Apple’s iPhone 4S pips the competition to be the first to include Bluetooth low energy

Bluetooth technology has been included with the iPhone 4S and is emblematic of the technology's reach. It is expected that 370 million cellular handsets will have dual-mode Bluetooth by the end of 2012.

10/05/2011


So it’s official. Apple's latest and greatest iPhone will be the first publically available phone that utilizes Bluetooth low energy capability amongst a wealth of other updates. The inclusion of Bluetooth 4.0 hardly comes as a big surprise considering Apple’s recent activity and previous product launches. It was only three months ago that Apple, along with Nordic Semiconductor joined the board of directors at the Bluetooth SIG, and only a few days after that released their first Bluetooth low energy capable devices in the form of their new MacBook Air and Mac Mini. However while these releases were a big step forward for the deployment of Bluetooth low energy, the inclusion in the iPhone 4S it is to date, the most important.

Given the popularity of Apple’s iPhone, the prospect that there could be tens of millions of Bluetooth low energy capable mobile devices in the market by Christmas should be a huge stimulus for companies developing devices incorporating low energy technology. IMS Research is projecting shipments of dual-mode Bluetooth enabled cellular handsets will exceed 370 million units by the end of 2012, and 1.6 billion units by the end of 2015.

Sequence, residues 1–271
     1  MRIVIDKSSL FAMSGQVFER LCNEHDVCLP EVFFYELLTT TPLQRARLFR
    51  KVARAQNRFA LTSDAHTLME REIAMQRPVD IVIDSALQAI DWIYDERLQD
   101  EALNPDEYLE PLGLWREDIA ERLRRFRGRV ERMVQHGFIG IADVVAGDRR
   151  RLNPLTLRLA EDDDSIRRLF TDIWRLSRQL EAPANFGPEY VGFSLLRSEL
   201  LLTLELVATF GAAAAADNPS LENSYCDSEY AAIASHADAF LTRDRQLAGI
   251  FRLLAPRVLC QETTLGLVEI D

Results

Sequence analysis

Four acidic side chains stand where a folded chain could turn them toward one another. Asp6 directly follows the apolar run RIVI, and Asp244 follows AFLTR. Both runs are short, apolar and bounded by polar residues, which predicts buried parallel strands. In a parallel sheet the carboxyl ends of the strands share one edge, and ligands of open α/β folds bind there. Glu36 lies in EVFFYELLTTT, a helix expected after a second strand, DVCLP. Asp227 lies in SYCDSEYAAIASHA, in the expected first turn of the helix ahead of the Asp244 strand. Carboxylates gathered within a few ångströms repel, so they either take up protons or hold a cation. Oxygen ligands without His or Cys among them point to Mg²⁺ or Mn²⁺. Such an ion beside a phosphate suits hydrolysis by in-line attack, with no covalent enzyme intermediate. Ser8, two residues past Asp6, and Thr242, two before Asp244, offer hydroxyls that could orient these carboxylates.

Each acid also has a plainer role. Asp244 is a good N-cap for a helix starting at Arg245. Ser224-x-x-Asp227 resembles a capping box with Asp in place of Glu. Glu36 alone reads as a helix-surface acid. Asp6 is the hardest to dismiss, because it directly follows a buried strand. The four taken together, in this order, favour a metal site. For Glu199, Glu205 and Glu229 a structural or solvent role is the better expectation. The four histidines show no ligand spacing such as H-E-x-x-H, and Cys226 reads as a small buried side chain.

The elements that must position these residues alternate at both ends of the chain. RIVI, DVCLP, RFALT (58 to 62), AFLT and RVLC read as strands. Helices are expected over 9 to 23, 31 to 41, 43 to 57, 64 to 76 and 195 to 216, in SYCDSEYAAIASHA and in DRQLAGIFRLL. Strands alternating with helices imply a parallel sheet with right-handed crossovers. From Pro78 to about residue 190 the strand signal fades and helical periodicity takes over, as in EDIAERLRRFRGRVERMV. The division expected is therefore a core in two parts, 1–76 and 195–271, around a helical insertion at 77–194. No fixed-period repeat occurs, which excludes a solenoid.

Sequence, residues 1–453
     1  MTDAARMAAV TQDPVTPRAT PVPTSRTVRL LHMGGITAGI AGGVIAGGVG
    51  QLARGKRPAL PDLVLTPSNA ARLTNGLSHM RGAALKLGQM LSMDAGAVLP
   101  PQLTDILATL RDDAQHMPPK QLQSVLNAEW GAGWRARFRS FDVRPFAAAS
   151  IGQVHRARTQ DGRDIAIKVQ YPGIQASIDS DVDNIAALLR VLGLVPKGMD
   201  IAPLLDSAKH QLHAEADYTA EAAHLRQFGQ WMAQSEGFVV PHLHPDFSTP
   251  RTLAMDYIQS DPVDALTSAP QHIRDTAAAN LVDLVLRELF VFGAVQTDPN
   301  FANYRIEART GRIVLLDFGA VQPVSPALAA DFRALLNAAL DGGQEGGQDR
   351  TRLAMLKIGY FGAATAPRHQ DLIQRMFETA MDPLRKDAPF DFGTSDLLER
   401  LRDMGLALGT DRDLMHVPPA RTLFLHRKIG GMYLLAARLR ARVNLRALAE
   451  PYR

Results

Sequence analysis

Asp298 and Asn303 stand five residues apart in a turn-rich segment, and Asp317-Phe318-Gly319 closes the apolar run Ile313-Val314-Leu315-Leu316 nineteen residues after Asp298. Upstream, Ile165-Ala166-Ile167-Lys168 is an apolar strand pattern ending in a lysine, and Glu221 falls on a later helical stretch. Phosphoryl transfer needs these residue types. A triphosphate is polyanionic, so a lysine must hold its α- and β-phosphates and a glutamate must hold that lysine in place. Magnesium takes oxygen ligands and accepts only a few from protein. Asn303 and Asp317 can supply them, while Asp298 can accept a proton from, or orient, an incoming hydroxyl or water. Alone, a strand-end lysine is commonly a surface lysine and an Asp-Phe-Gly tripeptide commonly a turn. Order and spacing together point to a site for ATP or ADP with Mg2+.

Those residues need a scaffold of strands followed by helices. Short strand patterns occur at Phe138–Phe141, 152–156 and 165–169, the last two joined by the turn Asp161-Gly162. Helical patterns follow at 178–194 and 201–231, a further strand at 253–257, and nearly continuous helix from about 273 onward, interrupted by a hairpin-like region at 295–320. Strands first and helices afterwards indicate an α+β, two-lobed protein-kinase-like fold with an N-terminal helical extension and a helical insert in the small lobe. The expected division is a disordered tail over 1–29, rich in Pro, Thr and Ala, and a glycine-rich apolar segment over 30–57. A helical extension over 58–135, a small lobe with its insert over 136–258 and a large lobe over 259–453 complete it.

Without a Bluetooth low energy enabled ‘hub’ device to connect to, manufacturers of connectable devices (i.e. sports and health monitoring equipment) have been slow to develop solutions using this technology. Now Apple has included this, half of the puzzle is in place.

There is already an array of accessories for existing iPhones, which add additional wireless capability (such as ANT+ with Adidas’ miCoach and Digifits transceiver to connect to devices by Garmin and other sports manufacturers). By using Bluetooth low energy; these companies could now connect directly to an iPhone without the need for an additional adaptor to be plugged into the phone for the devices to work. As well as providing a cost saving, it is also likely to stimulate 3rd party ‘app’ developers to produce applications supporting a wide range of health and fitness devices, given the ability to natively connect a wide range of devices directly to the iPhone 4S.

The inclusion of Bluetooth low energy also opens the door for other applications such as the phone acting as a universal remote control using apps from Apple’s app store to control devices such as the TV or set-top box. Although there are currently no Bluetooth low energy equipped TVs in the market, IMS Research projects that we will begin to see Bluetooth low energy equipped TVs 2H12. The opportunities for Bluetooth low energy are endless and we can expect there to be a mass of inventive applications that use the iPhone as the control device.

While this inclusion is the most significant announcement for Bluetooth low energy to date, I can’t help but feel that had this of been the release of the iPhone 5 rather than the 4S, consumer uptake of these new devices would be even greater. What we can be certain of however, is that now Apple has become the first phone manufacturer to include Bluetooth low energy, other phone manufacturers will most likely, follow suit.



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